German online art auctioneer is a good example of the flaws in Europe's emerging technology markets. The IPO price was way too high, the company was too small, and its business plan wasn't well developed, says one investment banker whom had previously approached to do the deal, but declined. Smart move. As of Sept. 28,'s shares had fallen 72%, to $14, earning it the dubious distinction as the Neuer Markt's worst-performing IPO.

WAR CHEST. Even more substantial equities are suffering from the blight, as investors discover the perils that face even established Internet companies. Freeserve, an Internet service provider valued at $2.1 billion, has lost more than 24% of its value since its July 26 listing on the London Stock Exchange and Nasdaq. Growing competition, plus a cut in phone rates, could threaten its game plan of offering free Internet access to subscribers. Britain's second-biggest Internet flotation, personal finance group eXchange Holdings, has dropped 15% since its August IPO, despite its war chest of $82 million and plans to make a European acquisition by the end of this year.

The effect of Freeserve's free fall is getting severe for other would-be stock stars. Since the tumble in prices, online auctioneer has seen the estimated value of its Oct. 6 IPO cut to $350 million, less than one-third the amount analysts initially expected.

Some analysts think the slump might actually prove healthy over the long run, provided it does not kill the market altogether. "Values of European high-tech stocks were becoming so high they were more like virtual values," says Stefano Micossi, director of Assonime, who heads the Italian Association of Incorporated Companies in Rome. The recent downturn could signal the start of more rational pricing and attract a new influx of money. "The market is becoming more discriminating," says Miles Saltiel, director of technology research at WestLB Panmure in London.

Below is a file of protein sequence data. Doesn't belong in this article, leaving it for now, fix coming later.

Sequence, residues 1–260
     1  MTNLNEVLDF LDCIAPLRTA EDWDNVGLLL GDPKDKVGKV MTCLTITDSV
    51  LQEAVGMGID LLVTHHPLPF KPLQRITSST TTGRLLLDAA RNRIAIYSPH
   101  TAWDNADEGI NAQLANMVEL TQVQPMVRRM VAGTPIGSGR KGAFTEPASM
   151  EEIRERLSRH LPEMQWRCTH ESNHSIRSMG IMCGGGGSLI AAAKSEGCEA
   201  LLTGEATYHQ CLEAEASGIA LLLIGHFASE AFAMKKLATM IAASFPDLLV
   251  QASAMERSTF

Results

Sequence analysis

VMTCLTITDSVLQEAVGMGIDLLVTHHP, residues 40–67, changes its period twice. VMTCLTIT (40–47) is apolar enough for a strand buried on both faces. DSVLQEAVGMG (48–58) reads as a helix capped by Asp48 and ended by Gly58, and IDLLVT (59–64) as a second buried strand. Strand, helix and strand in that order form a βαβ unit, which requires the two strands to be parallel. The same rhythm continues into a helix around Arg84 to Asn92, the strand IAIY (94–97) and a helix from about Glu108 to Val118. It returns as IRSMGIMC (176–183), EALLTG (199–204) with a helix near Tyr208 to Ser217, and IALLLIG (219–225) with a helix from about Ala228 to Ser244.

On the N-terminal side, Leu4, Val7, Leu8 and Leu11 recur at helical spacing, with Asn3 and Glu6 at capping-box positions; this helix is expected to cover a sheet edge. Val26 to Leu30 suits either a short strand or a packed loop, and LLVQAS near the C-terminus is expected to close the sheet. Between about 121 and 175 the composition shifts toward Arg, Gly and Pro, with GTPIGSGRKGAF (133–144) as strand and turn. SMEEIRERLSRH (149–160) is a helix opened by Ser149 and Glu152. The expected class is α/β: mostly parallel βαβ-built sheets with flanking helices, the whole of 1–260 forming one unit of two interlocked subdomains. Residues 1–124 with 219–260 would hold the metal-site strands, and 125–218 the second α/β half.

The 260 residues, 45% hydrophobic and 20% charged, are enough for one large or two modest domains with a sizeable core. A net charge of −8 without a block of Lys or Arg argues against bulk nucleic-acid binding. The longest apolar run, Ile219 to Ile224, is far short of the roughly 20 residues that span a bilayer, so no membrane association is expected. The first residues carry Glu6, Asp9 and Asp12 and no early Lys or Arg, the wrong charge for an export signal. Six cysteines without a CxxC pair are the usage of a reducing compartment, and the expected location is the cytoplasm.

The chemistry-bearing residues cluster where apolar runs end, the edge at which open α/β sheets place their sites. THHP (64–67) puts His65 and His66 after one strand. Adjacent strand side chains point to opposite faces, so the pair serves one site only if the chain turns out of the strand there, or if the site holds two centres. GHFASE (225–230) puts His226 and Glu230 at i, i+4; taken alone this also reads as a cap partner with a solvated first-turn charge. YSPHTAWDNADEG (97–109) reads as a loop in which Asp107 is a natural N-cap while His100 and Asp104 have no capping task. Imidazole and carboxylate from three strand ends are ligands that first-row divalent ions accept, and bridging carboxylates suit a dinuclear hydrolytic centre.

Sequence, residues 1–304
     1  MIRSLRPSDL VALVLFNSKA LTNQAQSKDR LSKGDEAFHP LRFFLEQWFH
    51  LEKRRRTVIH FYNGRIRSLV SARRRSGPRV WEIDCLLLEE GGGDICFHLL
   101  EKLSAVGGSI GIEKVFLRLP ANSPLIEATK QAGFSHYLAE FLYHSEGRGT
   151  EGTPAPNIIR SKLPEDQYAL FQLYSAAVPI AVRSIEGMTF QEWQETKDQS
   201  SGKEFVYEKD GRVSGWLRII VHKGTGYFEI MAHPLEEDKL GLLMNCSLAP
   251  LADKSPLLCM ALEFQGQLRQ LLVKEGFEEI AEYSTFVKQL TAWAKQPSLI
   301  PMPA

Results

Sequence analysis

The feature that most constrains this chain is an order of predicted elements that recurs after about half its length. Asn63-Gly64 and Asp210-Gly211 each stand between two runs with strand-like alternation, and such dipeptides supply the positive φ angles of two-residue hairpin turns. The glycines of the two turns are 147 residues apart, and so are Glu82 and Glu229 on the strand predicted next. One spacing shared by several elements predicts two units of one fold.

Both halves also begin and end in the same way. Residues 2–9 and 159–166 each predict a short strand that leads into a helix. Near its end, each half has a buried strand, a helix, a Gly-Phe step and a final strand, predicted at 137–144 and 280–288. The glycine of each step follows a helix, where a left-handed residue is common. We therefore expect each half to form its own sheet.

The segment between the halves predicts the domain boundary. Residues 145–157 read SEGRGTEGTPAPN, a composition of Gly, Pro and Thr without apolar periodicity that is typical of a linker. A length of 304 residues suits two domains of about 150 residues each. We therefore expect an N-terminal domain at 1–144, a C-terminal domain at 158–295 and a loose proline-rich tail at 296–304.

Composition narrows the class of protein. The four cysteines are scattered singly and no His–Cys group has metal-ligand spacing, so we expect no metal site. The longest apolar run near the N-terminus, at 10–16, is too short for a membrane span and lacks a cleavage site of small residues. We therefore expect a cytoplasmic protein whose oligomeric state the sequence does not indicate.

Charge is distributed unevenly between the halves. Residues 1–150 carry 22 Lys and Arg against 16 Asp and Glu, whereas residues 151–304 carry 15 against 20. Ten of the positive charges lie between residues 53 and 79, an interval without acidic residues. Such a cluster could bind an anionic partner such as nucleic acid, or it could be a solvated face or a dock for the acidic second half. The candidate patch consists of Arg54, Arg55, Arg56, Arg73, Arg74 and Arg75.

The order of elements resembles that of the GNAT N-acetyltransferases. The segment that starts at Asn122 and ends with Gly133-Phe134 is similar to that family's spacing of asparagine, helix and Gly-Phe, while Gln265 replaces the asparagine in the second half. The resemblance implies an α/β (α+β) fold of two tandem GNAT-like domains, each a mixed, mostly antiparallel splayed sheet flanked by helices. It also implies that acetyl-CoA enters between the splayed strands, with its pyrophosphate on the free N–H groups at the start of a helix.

In fact, more firepower may be coming from overseas just when local investors are becoming discouraged. For instance, U.S. buyout firm Thomas H. Lee Co. is creating a London-based fund to offer pre-flotation finance to European Internet companies. GE Equity, the private equity arm of GE Capital, has allocated $50 million for early-stage financing of European Internet companies. In October, the London Stock Exchange plans to create a new index, the FTSE 100 Techmark to compete with Frankfurt's Neuer Markt. The new index will reduce the cost and risk of investing in Europe's tech sector by allowing investors to put their money in a whole basket of companies ranging from blue-chip plays to higher-risk Internet outfits.

There's also a growing drive by governments to finance technology. Britain is working on tax incentives for entrepreneurs, while Germany has already spent $1 billion on subsidies for the high-tech sector. Most important of all, e-commerce is projected to grow even faster in Europe than in the U.S. in the coming years as Europe's Internet users--now 34 million--more than triple by 2003. "The fundamentals that will drive the Internet sector in Europe are better than in the U.S.," says Bruce Gunyea, head of Global Technology Research at Paribas in London. But if they are going to catch the wave, Europe's Internet startups and their backers have some growing up to do.